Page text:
Towards the Collective City
International Conference on Urban Autonomy and the Collective City
Onassis Cultural Center
1 & 2 July 2016 - Athens, Greece
“The autonomous society -the way I conceive it- is a society that very well knows that there is no transcendence, that there is no transcendent source of laws and institutions, that there is no afterlife. It is a society whose members know that whatever there is to be done, they have to do it themselves and to offer this to themselves and the community. It is a society that knows that itself creates its institutions and laws. And this very fact allows it, to exist as autonomous society, in the same way as it allows its members to exist as autonomous individuals within this society”.
In a time when global financial institutions largely define the means of urbanization across the world, citizens have less and less agency in the decision-making processes related to the organization and reproduction of the urban environment. The financialization of urban development has significantly limited the potential of local communities to influence the form of cities, while strengthening the role of the local elites and the supralocal capital. The present crisis, largely born of this very developmental model, along with decades of deregulation of the welfare state have acted as a catalyst to the deterioration of living conditions and the strengthening of the democratic deficit at all levels.
Under these difficult circumstances, Cornelius Castoriadis’ vision for an autonomous society as well as Henri Lefebvre’s challenge to redefine and envisage the environment we live in, away from the influence of globalized capital, are becoming once again relevant. Concurrently, the extended footprint of human development on the environment, which is utterly connected to the dominant model of production, consumption and urban growth, is revealing a complementary dimension to the meaning of autonomy as an alternative form of, not only social, but also ecological management.
In July 2016 [AUTONOMA] is bringing together in Athens, renowned scholars and practitioners from the fields of Architecture, Geography, Design, and Environmental Studies, in an effort to identify Urban Autonomy as a distinct area of research and explore its potential to address current and future socio-spatial challenges.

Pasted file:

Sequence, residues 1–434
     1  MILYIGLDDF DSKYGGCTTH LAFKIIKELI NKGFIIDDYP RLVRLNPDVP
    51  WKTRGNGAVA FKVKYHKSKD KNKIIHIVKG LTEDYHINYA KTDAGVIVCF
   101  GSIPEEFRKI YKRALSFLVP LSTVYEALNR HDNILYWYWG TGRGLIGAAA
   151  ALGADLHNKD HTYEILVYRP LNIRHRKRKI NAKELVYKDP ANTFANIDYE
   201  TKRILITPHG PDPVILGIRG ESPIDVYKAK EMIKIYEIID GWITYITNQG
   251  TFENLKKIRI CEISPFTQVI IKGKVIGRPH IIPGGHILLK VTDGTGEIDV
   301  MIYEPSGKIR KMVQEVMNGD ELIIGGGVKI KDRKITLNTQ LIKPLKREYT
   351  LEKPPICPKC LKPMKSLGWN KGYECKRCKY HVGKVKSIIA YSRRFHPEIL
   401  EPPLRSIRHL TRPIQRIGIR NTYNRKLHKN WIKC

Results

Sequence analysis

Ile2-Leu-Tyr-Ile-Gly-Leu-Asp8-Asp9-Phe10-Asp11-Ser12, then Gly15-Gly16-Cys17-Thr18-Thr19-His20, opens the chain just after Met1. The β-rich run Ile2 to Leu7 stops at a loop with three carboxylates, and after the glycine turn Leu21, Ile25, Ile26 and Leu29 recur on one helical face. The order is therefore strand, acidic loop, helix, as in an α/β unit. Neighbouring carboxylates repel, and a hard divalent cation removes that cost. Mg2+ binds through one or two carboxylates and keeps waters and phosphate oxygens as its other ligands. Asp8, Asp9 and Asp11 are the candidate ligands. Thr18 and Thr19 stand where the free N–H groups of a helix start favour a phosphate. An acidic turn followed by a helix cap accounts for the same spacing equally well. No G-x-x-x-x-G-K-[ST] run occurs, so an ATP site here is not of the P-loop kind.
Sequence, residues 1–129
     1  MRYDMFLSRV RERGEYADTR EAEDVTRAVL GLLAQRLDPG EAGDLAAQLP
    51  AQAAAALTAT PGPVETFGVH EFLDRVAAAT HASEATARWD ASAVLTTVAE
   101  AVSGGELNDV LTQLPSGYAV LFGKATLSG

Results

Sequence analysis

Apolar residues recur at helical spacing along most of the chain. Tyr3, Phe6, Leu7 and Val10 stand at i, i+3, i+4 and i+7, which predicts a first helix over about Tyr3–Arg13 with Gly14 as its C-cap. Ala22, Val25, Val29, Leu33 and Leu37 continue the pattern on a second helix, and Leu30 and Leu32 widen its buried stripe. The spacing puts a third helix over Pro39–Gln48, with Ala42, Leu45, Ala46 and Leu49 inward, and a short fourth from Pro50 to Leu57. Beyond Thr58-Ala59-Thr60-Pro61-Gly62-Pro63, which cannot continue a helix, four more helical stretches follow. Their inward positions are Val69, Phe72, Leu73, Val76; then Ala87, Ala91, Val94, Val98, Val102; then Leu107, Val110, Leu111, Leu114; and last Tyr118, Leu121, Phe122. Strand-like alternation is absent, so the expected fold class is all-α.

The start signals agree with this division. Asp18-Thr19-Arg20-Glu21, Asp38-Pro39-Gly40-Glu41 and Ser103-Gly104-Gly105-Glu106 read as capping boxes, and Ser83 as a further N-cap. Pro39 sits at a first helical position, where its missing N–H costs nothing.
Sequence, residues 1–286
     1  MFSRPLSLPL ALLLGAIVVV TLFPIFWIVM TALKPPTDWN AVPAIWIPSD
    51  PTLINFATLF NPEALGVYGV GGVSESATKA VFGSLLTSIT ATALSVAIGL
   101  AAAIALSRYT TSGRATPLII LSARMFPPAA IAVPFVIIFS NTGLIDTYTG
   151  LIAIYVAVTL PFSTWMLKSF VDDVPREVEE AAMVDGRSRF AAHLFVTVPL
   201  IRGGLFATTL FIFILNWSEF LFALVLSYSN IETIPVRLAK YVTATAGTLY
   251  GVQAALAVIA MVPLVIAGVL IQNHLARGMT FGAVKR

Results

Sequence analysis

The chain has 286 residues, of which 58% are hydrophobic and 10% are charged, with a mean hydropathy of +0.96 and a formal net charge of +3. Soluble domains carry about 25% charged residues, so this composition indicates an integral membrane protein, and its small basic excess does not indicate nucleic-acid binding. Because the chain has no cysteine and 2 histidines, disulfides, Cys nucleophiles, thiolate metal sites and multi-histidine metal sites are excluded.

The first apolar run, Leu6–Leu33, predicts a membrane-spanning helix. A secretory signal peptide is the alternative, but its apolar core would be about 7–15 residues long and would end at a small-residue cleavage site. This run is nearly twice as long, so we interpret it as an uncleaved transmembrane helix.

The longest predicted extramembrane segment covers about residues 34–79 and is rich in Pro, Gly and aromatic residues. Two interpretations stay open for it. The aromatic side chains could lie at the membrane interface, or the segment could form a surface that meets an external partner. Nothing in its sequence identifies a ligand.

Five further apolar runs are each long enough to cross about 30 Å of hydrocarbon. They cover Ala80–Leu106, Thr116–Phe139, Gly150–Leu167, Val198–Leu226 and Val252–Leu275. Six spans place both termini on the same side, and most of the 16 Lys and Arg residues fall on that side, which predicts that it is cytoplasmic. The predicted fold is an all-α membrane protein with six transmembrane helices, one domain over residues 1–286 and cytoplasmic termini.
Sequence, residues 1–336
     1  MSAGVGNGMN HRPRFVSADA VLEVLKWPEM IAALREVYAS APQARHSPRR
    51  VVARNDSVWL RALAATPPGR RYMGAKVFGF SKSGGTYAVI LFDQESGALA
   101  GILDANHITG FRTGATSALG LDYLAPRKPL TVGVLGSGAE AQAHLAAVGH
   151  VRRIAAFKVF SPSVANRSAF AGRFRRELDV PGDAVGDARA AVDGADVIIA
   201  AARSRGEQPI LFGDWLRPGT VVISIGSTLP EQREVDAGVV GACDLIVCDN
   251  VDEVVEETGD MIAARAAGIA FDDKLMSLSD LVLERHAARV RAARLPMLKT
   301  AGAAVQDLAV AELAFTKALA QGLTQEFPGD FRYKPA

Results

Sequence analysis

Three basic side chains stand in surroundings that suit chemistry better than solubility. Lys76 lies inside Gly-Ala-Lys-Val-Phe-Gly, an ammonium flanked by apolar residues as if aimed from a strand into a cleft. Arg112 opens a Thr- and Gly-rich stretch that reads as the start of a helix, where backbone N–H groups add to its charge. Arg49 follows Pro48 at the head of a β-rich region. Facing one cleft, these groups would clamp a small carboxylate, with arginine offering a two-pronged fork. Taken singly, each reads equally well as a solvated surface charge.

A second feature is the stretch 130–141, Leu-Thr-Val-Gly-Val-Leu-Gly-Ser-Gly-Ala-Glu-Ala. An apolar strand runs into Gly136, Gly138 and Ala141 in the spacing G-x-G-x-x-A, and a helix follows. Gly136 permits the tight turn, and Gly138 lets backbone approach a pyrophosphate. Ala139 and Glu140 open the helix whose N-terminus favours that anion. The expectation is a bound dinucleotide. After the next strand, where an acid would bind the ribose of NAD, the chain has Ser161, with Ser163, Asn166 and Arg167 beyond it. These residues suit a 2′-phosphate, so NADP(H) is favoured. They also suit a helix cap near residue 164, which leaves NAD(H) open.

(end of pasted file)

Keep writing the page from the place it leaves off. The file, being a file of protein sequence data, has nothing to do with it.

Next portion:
[AUTONOMA] is an initiative undertaken by a group of Onassis Foundation Scholars, and independent researchers, who joined their academic and professional background in Urban Design, Sustainability, Geography, and Urban Sociology to reflect on the vision of the collective city.
1-2 July 2016
onassis cultural center
107-109 Syngrou Avenue, 11745 Athens, Greece
Information: +30 210 900 5 800
Professor of Geography, School of Environment and Development, University of Manchester
Professor of Human Geography, School of Environment and Development, University of Manchester
Call for submissions
Under the three following topics, AUTONOMA is seeking proposals, studies, designs, and ideas that put local communities at the forefront of a new collective city.
Crisis Scapes +
In a time of crisis when centralized governance fails to successfully address citizens’ everyday needs, local communities shape informal structures of decision making to develop solutions from the bottom up. How can these structures gain ground in order to catalyze democratic processes of decision-making in cities? What opportunities are there for creative collaboration of such groups with local governments? Could they achieve emancipation of urban transformation from hyperlocal centers based on economies of extraction and monopoly?
Self-Resiliency + Sustainable Resource Management
Our immense human impact on the environment resides greatly on our centralized, profit-driven economies and resource distribution systems. The decentralization of natural resource management could potentially offer insights for sustainable futures. Is it possible to conceive a framework for the urban space to detach from hyperlocal and centralized resources through the development of alternative local networks? What are possible alternative scenarios for natural resource production and management that could benefit local communities?
Within the current global framework of economies and governance, scenarios of emancipation and empowerment of the local seem almost utopian. How can the current urban and rural communities transcend to a new form of autonomy regarding design, resource management and governance? What are some existing case studies of local initiatives that could become drivers of change? What are the current sociopolitical and technical frameworks that will facilitate such a transition?
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